The Toyota Corolla, the fifth best-selling nameplate in the United States, is a larger, roomier sedan for 2014 with improved ride and better gasoline mileage than its predecessor.
But it doesn’t look like a Corolla. The conservative character is gone, replaced by contemporary styling outside and an intriguing, almost retro, dashboard design inside.
Plus, there’s so much legroom now — 42.3 inches in the front seats and 41.4 inches in back — that car buyers looking for a family sedan might want to consider the new Corolla. In fact, while Toyota press materials refer to the 2014 Corolla as a compact, the car now is listed by the federal government as a mid-size four door.
Best of all, the 2014 Corolla earned overall five-out-of-five stars in government crash tests and is a recommended buy of Consumer Reports magazine, where predicted reliability is above average.
Base pricing has gone up a bit, though.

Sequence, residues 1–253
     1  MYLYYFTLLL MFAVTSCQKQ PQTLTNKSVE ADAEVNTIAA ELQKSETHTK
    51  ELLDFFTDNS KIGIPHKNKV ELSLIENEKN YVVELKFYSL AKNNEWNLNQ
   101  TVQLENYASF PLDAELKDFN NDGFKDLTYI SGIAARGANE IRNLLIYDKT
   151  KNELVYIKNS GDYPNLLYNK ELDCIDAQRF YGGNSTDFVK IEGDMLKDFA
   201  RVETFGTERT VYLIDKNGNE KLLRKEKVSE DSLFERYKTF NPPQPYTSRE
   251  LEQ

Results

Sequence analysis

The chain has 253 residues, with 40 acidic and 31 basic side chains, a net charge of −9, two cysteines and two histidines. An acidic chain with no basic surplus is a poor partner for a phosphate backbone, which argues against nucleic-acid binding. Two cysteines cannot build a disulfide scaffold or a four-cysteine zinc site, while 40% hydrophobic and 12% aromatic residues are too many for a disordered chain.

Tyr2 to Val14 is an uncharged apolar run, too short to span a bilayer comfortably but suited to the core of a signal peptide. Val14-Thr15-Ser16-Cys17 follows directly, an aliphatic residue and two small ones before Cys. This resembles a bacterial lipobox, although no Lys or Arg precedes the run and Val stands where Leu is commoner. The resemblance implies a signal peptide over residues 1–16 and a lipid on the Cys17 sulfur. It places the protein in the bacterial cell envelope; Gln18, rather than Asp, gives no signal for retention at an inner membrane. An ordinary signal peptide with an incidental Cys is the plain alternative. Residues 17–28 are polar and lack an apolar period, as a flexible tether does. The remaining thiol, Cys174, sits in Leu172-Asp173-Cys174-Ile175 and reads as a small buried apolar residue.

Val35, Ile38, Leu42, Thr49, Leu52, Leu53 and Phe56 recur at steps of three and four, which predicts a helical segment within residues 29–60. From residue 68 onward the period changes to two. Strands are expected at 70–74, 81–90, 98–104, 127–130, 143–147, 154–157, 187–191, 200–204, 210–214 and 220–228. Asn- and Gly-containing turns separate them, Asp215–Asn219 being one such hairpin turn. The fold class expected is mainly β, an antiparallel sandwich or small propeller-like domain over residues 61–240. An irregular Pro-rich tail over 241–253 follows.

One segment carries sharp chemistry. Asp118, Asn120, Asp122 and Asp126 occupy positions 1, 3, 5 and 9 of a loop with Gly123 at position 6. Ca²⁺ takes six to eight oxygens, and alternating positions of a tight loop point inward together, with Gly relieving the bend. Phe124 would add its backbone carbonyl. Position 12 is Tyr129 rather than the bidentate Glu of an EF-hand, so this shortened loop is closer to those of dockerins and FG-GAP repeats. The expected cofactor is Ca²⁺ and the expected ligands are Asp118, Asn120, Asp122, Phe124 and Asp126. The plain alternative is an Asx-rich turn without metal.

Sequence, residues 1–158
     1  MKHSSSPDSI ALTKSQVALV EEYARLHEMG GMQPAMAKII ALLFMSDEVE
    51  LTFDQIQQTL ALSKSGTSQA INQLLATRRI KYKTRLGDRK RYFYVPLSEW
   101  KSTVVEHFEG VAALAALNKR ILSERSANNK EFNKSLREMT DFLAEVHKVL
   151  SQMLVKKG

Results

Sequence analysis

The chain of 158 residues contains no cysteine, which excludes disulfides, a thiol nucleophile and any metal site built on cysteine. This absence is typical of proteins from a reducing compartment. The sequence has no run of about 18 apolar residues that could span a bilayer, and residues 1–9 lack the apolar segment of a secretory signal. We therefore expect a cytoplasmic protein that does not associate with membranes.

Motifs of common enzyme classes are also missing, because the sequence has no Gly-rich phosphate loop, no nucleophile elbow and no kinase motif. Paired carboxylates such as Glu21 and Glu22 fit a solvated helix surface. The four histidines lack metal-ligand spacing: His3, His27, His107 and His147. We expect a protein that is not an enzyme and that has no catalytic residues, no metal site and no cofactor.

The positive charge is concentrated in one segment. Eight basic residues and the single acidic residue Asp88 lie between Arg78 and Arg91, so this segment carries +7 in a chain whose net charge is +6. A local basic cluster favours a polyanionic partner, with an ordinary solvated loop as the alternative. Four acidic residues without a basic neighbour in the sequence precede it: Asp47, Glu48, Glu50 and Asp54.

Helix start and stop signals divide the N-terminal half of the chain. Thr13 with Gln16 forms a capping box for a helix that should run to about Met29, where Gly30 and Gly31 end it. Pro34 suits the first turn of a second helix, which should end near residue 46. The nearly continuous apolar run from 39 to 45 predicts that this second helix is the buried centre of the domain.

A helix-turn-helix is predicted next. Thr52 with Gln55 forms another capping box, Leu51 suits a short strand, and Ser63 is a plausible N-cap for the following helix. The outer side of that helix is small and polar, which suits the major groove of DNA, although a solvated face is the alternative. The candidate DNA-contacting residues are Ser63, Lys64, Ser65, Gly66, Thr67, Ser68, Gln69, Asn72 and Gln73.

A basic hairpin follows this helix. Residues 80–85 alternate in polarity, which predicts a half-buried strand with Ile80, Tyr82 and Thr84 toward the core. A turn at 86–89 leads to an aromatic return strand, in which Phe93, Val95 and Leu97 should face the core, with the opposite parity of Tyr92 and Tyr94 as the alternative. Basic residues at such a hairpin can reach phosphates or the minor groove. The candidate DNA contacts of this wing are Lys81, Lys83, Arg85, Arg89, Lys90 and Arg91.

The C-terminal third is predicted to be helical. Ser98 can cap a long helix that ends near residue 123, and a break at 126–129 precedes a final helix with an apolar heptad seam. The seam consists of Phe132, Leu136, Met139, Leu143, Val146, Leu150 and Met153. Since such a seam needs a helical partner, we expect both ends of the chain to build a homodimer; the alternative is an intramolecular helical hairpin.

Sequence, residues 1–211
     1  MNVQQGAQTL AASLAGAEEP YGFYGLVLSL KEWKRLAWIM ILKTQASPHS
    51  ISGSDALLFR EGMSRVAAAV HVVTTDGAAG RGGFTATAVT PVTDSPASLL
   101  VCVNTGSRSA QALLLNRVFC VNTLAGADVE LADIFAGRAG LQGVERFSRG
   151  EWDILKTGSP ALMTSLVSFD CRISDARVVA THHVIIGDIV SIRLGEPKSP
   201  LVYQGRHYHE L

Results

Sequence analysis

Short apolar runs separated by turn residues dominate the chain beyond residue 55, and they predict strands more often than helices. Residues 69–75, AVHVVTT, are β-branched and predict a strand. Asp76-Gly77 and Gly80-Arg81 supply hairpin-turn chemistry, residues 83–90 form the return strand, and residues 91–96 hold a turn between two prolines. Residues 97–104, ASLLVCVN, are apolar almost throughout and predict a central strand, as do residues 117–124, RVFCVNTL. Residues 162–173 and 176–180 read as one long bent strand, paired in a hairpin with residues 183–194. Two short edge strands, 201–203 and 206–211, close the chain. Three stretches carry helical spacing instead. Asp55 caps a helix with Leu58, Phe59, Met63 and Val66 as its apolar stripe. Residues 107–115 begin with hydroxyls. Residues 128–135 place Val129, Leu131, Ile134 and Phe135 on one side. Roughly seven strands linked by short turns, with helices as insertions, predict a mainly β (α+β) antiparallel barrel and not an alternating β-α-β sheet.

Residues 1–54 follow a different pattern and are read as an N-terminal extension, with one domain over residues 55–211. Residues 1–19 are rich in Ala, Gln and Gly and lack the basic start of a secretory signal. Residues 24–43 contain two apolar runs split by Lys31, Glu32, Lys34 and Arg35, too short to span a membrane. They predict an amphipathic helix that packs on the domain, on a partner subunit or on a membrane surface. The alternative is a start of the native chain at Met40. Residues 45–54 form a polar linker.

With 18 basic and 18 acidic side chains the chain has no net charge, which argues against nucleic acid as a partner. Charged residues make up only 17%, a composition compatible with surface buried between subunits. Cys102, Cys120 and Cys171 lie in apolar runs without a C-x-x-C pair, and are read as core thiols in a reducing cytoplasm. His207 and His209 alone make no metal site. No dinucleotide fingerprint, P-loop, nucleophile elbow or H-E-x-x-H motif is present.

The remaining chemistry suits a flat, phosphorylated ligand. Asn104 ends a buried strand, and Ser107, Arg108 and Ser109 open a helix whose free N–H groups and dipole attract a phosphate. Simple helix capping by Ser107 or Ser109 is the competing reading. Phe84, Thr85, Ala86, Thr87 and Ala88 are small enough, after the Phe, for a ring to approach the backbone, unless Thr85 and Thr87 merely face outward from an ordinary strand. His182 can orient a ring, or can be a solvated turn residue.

Starting manufacturer’s suggested retail price, including destination charge, is $17,610 for a base, 2014 Corolla L with a six-speed manual and $18,210 with an automatic. This base model, with carryover 132-horsepower four cylinder from last year, does not include a rearview camera, cruise control or steering wheel-mounted radio controls.
But the base, 2014 Corolla has eight standard air bags, air conditioning, tilt and telescoping steering wheel, fabric-covered seats, hands-free phone capability, AM/FM radio with CD player, USB 2.0 port with iPod connectivity plus Bluetooth music streaming and four speakers.
Standard low-beam headlights on the Corolla are even light-emitting diodes this year — a feature not usually found on sedans in this class.
Note the automatic on the base Corolla L is a traditional, four-speed auto that, while rating a commendable 27/36-mpg in fuel economy from the federal government, ranks lowest among the 2014 Corolla models.
Buyers wanting to maximize gasoline savings can move up to higher-priced models with more fuel-saving equipment.